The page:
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Costco employee refused to answer questions of a customer while on break, sparks debate

While people should respect that space and ask another worker for help, one customer was confused when a Cotsco employee declined to help them with a product while on a break. 

Costco employee refused to answer questions of a customer while on break, sparks debate
Cover Image Source: Pexels/Hobi Industri

Supermarket workers, like all employees, deserve and are entitled to breaks. These breaks serve as essential periods during which staff members are not expected to perform work-related tasks unless specifically requested by their employer. Given the physically demanding nature of their jobs, supermarket workers often have to stand for extended periods, handle heavy items and interact with customers. 

It is important for people to understand and respect this space, and if assistance is needed, they should approach another available worker. However, in a Reddit post shared by u/unoriginalname86, a customer was perplexed when a Costco employee declined to help them with a product while on a break.

Image Source: Pexels / Laura Jame
Representative Image Source: Pexels | Laura James

They were shopping at a Costco and thought it was "socially odd" for a worker not to tend to their customer during breaks. "I have had 99 percent wonderful interactions with Costco employees. I'm not even mad about this one, just confused," the post began. "There was a camping chair that had two price tags, I wasn't sure which one it was. An employee was walking by, and I said, 'Hey, quick question.' Before I could ask it, she said, 'Oh, I'm sorry, I'm on break; I forgot to take my name tag off.' She took it off and kept walking."

Representative Image Source: Pexels | Anna Shvets
Representative Image Source: Pexels | Anna Shvets

They added, "Then, to make it even weirder, she spent her break chatting to another coworker, on break, sitting on two patio chairs next to the chair I was going to ask about. I didn't say anything or complain because it wasn't a huge deal, just socially odd since she could have answered my question faster than it took her to explain she was on break."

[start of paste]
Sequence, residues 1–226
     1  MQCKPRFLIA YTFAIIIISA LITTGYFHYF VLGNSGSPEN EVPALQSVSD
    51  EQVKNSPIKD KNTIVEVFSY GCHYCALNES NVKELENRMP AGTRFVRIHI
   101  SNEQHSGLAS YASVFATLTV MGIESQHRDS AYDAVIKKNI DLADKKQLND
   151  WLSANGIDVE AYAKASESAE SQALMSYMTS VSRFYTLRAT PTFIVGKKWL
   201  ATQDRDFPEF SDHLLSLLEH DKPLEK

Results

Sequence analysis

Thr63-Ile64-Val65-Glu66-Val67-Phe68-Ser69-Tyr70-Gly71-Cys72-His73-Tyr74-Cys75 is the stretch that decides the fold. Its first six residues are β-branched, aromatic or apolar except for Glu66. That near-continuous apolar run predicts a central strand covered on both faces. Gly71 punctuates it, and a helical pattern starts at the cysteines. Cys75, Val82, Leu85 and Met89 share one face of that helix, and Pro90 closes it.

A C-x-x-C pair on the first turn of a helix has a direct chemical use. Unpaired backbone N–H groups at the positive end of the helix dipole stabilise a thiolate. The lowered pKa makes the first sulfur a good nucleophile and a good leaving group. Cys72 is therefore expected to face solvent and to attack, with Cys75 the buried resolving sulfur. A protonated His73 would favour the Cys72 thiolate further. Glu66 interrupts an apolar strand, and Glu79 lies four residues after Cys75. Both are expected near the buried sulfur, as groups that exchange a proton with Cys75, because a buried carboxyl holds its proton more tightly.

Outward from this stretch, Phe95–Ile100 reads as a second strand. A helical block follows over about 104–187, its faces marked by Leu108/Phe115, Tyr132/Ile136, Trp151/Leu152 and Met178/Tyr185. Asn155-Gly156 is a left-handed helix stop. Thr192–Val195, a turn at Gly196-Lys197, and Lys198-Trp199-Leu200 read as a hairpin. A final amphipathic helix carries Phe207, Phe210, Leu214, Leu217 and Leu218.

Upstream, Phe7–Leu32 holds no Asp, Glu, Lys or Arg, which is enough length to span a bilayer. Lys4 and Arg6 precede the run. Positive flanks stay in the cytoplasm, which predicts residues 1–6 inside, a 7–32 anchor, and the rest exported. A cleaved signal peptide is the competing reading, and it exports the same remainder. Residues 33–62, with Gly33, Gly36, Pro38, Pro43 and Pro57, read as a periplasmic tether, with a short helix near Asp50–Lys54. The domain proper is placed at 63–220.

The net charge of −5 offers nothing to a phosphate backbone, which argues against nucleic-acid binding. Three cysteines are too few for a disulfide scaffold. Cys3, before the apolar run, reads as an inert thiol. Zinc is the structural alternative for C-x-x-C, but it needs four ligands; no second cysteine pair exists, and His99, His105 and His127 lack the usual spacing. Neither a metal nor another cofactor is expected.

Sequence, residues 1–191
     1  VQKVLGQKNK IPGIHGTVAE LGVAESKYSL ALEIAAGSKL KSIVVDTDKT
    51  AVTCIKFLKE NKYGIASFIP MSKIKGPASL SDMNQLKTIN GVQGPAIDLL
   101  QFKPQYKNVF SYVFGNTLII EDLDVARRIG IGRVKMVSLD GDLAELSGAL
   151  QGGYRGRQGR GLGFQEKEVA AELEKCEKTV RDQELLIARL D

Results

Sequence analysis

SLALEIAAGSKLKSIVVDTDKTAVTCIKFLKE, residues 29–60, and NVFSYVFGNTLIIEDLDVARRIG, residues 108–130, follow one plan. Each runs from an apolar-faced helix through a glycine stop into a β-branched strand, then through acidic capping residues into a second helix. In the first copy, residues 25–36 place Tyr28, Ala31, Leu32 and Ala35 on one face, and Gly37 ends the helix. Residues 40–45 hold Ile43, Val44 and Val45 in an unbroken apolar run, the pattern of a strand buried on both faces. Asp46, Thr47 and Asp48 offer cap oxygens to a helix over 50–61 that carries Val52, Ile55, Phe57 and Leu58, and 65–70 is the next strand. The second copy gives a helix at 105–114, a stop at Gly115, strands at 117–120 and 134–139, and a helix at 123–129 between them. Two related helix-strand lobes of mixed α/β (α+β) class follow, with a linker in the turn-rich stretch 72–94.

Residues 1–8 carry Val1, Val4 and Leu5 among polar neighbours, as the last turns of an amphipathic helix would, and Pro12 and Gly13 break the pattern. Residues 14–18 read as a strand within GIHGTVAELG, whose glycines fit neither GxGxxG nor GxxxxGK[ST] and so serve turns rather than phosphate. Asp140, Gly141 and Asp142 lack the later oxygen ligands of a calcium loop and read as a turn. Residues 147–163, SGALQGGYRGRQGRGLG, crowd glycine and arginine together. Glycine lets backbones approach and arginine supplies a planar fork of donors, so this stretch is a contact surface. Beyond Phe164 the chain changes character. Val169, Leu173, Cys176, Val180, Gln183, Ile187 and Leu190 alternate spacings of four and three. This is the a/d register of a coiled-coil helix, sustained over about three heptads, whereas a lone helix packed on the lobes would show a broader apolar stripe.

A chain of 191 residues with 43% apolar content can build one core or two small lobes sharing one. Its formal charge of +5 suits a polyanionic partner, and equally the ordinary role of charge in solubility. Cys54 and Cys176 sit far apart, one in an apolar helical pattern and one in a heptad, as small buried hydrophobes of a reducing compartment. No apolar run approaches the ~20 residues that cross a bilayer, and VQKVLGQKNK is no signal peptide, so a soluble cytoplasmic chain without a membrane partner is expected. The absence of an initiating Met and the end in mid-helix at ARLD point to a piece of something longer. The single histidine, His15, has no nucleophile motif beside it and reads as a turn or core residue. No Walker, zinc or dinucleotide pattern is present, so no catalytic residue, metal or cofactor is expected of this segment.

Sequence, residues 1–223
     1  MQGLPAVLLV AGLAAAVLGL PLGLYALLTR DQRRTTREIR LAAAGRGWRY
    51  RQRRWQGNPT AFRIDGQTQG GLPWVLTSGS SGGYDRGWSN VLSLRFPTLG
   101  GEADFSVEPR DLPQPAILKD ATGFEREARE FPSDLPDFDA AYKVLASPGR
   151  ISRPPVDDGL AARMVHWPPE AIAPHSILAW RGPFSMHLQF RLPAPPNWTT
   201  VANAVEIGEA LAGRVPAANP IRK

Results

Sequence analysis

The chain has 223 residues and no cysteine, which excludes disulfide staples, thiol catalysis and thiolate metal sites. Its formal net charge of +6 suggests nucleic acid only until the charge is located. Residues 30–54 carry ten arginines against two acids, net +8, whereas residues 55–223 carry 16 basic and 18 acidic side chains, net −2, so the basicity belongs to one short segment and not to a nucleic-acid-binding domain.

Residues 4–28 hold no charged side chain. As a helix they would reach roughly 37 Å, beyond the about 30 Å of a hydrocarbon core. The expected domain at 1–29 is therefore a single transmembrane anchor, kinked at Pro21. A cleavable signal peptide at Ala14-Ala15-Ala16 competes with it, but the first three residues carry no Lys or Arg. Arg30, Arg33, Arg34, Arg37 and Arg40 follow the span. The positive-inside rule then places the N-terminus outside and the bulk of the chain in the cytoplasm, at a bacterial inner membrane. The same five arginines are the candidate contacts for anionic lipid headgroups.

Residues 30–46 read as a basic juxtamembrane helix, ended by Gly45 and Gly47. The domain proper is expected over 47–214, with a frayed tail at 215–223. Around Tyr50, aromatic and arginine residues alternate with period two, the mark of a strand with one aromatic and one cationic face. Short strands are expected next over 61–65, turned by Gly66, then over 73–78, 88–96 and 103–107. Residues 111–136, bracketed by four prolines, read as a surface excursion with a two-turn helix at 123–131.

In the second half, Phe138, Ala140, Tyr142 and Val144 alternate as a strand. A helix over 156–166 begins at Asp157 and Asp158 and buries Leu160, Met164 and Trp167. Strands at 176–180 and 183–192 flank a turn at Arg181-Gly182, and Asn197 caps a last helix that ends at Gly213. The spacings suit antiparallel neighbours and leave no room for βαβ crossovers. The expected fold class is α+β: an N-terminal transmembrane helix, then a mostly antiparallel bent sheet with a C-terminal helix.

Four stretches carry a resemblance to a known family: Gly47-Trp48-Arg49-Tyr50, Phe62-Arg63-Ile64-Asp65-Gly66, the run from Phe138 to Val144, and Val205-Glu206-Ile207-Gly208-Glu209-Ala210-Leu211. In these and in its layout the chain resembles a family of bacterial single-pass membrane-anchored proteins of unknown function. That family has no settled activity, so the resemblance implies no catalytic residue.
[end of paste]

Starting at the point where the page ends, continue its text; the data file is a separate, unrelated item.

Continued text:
In the United States, federal law does not require employers to provide rest or meal breaks to their employees. However, many states have laws that direct employers to give such breaks to their employees. Since Costco operates in several states in the US, their employees are entitled to breaks under state law.

The length and frequency of rest breaks vary depending on the employer and the nature of the work, and in the context of the Reddit post, the customer could have easily asked another employee at work for help. Moreover, to ensure employees are taking breaks and are given sufficient time to relax and eat, Costco should provide a suitable break area for their workers, especially for those who work long shifts, to help promote a healthy and productive work environment.

Individuals who work in related fields expressed how nobody works after hours in response to the Reddit post, which generated a discussion in the comments.

Image Source: Reddit
Image Source: Reddit /u/khalith

 

Image Source: Reddit
Image Source: Reddit /u/skepticdrinker

"I work at Costco and I'll be rushing to clock out before my 5hrs for my lunch and people will see me rushing and decide that I'm the perfect person to dump their crisis on," shared u/Ok-Personality-2583. "Not sure about Cosco but where I work, we are not allowed to work when we're off the clock and that includes helping customers," wrote u/spla_ar42.

"If you stop to help one person, you'll have three more people expecting to be helped. When you're on break, you don't do sh** for the customer. Let me say that again, don't do sh** for the customer," added u/FangJustice. "It's like they don't understand that our breaks are micromanaged to an extreme. If we spend it working that's time we will never get back," noted u/Otherwise-Engine2923.

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